Continued from Part One.
Liberia, ironically, represents the same problems as India does for the Vedanta Group, headed by billionaire Chairman Emeritus Anil Agarwal.
His strategy was to tap western Africa for ore when supply from India, Goa specifically, started to dry up. In October 2012, India’s top court had banned mining in Goa, where Sesa has almost all its mines, curtailing exports of the crucial raw material for steelmaking.
But SSLT soon realized that Liberia was going to give it similar growing pains as India. Permissions were not coming through to set up infrastructure projects related to the mining activity, delaying the project. Sesa’s mines in Liberia are about 44 miles away from the nation’s capital, the port city of Monrovia, and the company is still awaiting approval from the Liberian government to build a road to the port.
The cash crunch from lack of ore exports from the Goan mines was always there to contend with. Revenue from Sesa’s iron ore business tumbled to about US $218 million in the year ended March 31, 2013.
The proverbial straw that broke the camel’s back was the falling ore prices in the international market.
The price had slumped 35 percent, according to a Bloomberg report, since Sesa agreed to buy the mines from Elenilto Minerals & Mining LLC in August 2011. In December 2012, it bought Elenilto Minerals’ remaining shares for $33.5 million.
The first signs of Liberian trouble could be sensed in a statement during an earnings call in November 2013, when Mahendra Singh Mehta, the then-CEO of Vedanta Resources Plc, had said they planned to develop the Liberia project in a phased manner, and were currently reviewing even the first phase of 2 million tons.
Some analysts say in the run-up to the company’s fourth-quarter 2013-14 figures, Vedanta’s operating profits will be hit with further costs in its African operations. Outside of Liberia, these include the recent announcement by the Zambian government of a 28.8 percent increase in electricity charges for miners.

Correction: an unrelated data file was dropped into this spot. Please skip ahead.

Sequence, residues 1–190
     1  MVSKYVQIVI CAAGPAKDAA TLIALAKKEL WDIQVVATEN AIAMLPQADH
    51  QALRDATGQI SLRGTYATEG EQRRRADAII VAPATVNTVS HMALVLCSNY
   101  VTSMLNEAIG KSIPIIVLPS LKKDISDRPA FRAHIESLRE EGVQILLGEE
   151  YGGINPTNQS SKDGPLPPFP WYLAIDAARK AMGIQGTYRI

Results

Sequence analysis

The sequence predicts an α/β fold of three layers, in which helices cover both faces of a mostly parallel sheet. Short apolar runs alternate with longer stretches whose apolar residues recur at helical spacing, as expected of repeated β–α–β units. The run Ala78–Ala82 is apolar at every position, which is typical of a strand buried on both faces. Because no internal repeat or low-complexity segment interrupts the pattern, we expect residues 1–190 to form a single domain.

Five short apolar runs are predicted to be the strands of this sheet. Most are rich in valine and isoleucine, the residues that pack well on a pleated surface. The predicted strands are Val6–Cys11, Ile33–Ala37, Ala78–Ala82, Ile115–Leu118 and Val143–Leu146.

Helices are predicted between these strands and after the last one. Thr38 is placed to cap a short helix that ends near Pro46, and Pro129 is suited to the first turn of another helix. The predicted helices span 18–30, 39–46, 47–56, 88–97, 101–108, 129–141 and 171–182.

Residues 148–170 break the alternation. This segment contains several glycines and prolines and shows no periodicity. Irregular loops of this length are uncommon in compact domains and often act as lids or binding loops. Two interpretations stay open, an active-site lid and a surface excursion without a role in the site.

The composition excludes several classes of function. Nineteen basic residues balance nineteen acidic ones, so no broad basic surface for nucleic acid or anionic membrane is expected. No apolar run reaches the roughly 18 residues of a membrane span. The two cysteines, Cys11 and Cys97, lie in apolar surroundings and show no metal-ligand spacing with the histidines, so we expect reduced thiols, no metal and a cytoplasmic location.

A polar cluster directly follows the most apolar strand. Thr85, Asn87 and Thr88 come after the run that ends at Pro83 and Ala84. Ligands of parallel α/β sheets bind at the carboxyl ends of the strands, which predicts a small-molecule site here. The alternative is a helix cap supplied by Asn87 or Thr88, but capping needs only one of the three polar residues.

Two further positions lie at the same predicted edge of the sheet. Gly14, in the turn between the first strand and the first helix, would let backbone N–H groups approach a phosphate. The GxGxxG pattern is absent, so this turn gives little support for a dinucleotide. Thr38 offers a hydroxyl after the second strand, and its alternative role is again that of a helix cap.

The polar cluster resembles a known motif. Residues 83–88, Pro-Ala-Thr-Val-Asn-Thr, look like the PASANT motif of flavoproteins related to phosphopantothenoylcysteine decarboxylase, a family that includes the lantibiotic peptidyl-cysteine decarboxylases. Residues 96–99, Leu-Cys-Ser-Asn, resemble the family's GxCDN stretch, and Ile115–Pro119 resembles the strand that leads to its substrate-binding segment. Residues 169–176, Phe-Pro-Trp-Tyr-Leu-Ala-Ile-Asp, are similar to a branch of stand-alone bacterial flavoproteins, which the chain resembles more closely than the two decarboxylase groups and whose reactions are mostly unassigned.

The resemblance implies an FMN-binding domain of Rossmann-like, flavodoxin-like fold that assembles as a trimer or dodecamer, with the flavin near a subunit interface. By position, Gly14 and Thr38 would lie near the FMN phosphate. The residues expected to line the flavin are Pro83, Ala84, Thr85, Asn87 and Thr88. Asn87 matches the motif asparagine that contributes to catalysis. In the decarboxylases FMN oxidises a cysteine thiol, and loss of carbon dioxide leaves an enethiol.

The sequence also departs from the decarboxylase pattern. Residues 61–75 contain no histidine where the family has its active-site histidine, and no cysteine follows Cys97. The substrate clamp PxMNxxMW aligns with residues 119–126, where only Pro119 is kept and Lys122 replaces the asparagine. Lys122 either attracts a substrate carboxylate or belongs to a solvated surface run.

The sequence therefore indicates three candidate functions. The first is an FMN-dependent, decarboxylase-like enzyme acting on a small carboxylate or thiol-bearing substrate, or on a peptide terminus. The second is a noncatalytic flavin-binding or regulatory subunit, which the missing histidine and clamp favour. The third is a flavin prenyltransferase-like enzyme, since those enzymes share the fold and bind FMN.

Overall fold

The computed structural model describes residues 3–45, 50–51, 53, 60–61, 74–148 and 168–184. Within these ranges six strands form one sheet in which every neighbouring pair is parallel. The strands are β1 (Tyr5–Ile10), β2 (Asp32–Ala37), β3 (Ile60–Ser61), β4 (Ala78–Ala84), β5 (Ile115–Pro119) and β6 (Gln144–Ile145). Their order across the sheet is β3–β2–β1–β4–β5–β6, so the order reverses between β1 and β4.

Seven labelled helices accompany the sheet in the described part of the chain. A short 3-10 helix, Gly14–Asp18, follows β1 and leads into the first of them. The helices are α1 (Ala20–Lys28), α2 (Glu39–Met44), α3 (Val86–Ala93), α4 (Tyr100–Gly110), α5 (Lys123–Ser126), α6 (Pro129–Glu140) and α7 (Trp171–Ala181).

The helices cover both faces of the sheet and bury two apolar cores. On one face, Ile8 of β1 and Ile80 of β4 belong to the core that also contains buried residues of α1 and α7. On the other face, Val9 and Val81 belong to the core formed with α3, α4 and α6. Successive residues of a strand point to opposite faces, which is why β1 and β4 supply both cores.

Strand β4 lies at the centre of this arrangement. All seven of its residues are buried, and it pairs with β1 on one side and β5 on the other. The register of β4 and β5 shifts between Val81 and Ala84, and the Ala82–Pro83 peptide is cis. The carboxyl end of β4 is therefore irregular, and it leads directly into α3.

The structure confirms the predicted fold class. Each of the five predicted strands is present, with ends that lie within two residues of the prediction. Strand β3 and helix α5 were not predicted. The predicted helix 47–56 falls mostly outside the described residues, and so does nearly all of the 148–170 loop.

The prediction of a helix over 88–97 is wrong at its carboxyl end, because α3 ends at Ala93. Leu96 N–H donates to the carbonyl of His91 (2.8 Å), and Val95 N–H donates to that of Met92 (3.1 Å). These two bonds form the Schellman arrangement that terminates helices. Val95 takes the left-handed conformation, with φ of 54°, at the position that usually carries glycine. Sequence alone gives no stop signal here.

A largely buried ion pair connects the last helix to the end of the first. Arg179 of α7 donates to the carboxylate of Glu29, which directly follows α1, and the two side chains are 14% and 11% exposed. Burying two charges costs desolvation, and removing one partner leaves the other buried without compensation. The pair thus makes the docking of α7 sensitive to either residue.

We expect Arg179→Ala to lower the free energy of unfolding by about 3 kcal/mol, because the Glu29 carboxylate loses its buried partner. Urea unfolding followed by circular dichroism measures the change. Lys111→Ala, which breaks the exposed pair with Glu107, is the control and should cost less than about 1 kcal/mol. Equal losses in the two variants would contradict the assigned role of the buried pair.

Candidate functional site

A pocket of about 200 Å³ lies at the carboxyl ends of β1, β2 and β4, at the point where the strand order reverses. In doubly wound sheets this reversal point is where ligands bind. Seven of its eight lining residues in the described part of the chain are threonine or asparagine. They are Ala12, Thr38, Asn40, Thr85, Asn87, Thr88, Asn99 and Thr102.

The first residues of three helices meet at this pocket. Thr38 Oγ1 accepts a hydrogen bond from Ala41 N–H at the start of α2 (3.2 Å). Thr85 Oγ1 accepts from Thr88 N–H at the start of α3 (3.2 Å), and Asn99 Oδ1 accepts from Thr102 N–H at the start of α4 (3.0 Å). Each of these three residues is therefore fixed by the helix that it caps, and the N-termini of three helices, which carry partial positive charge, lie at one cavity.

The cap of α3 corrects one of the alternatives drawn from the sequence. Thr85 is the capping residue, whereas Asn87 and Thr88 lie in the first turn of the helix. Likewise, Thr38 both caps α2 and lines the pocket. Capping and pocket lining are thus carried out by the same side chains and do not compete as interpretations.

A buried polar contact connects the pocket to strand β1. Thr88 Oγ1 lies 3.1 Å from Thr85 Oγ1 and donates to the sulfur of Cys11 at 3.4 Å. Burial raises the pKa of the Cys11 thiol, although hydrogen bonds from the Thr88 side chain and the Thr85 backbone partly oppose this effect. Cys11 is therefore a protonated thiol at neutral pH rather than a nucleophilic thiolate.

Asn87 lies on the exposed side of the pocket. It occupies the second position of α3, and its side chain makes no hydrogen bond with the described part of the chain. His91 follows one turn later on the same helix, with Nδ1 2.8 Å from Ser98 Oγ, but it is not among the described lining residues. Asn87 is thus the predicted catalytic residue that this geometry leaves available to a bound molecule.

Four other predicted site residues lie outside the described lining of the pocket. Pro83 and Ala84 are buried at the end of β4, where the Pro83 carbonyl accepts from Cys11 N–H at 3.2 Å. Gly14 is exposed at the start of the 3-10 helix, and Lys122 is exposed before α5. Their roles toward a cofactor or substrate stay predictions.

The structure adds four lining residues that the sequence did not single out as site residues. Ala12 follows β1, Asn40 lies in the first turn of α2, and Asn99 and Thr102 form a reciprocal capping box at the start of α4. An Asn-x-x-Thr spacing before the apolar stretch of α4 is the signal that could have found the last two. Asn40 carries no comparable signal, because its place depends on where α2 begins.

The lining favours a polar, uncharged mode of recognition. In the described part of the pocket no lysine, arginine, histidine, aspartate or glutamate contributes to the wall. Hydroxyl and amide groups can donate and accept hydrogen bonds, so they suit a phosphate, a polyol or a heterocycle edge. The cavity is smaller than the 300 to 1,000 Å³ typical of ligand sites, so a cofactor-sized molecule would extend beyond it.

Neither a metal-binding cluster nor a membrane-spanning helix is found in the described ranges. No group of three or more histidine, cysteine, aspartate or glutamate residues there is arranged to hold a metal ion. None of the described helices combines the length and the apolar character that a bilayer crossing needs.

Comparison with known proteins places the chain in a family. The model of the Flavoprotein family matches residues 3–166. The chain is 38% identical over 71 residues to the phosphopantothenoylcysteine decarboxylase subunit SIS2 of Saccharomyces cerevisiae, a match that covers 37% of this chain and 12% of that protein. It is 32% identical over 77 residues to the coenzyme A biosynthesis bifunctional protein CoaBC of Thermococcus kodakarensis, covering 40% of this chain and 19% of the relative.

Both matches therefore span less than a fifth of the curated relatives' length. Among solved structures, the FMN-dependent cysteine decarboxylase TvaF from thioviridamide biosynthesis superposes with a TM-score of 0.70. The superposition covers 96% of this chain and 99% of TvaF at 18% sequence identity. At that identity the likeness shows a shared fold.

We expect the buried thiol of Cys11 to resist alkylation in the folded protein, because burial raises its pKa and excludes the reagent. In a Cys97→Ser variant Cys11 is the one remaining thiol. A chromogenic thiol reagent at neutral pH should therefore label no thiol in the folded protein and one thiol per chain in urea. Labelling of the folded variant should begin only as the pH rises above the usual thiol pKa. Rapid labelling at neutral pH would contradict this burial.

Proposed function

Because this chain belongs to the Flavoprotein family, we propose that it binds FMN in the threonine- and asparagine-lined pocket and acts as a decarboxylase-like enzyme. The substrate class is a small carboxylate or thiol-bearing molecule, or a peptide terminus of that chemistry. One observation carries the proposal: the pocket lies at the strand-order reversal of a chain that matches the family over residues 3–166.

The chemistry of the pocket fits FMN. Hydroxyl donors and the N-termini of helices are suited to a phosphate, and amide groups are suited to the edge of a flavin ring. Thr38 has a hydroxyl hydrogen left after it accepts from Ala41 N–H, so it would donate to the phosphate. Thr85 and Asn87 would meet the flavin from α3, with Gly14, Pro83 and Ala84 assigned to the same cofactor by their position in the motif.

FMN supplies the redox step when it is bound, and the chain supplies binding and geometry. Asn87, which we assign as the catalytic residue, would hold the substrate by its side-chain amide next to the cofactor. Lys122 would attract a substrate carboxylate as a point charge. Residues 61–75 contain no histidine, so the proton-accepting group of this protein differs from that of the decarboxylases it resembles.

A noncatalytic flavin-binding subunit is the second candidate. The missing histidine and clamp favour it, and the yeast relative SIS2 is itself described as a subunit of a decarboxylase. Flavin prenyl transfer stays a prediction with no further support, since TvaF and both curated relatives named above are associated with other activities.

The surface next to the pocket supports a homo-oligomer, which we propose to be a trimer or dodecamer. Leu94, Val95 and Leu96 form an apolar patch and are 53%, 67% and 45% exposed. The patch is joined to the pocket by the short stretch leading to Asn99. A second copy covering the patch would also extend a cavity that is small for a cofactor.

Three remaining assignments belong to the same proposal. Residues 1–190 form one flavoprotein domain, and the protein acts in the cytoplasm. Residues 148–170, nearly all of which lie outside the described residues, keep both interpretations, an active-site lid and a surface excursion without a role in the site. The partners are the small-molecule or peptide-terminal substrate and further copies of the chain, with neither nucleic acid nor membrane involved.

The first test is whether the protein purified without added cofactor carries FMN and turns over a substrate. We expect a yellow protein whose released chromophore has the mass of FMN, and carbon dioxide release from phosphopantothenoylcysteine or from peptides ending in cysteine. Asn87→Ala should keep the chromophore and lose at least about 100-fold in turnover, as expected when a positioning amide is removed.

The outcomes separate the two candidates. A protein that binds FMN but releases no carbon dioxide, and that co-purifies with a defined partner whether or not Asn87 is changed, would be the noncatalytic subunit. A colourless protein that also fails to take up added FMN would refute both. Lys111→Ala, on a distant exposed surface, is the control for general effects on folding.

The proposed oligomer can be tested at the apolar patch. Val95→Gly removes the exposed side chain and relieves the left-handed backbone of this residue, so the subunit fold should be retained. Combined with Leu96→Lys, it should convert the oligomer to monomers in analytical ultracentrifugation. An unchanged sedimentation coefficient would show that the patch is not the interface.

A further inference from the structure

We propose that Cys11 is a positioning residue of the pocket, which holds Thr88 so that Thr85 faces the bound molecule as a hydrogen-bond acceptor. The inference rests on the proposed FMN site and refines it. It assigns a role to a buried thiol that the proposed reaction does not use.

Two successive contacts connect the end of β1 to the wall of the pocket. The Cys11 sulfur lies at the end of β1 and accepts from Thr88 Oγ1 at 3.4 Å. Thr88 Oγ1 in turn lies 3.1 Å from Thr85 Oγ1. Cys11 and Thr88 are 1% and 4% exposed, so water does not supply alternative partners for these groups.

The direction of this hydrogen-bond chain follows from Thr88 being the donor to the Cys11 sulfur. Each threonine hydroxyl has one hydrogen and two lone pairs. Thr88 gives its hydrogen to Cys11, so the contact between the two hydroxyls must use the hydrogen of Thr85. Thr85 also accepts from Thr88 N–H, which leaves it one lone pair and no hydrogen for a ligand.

Now, while everyone awaits the official call from SSLT on its Liberia expedition, there emerged a silver lining in the cloud, which would please investors and the Vedanta chairmen alike. A few days ago, ratings agency Moody’s said it had revised its outlook on Vedanta Resources to ‘stable,’ from ‘negative’ earlier, perhaps indicating the worst was over for the company.
Seems only fair because the first stirrings of resumption in SSLT’s Goa operations are on the horizon, what with a court-appointed panel on March 26 this year recommending an end to the mining ban in Goa, setting a production limit of 20 million tons annually. Though 40 percent less than what the company produced in the year ended March 31, 2012, it will at least inject the SSLT operations with much-needed cash. India’s Supreme Court had, in December last year, lifted a similar ban in the State of Karnataka, paving the way for Sesa to open its only mine in the neighboring state after a gap of more than two years.
With some of Vedanta’s idled iron ore, copper and aluminum assets now operating, or about to do so, Moody’s may not be far off the mark in its assessment that the worst for Vedanta is over.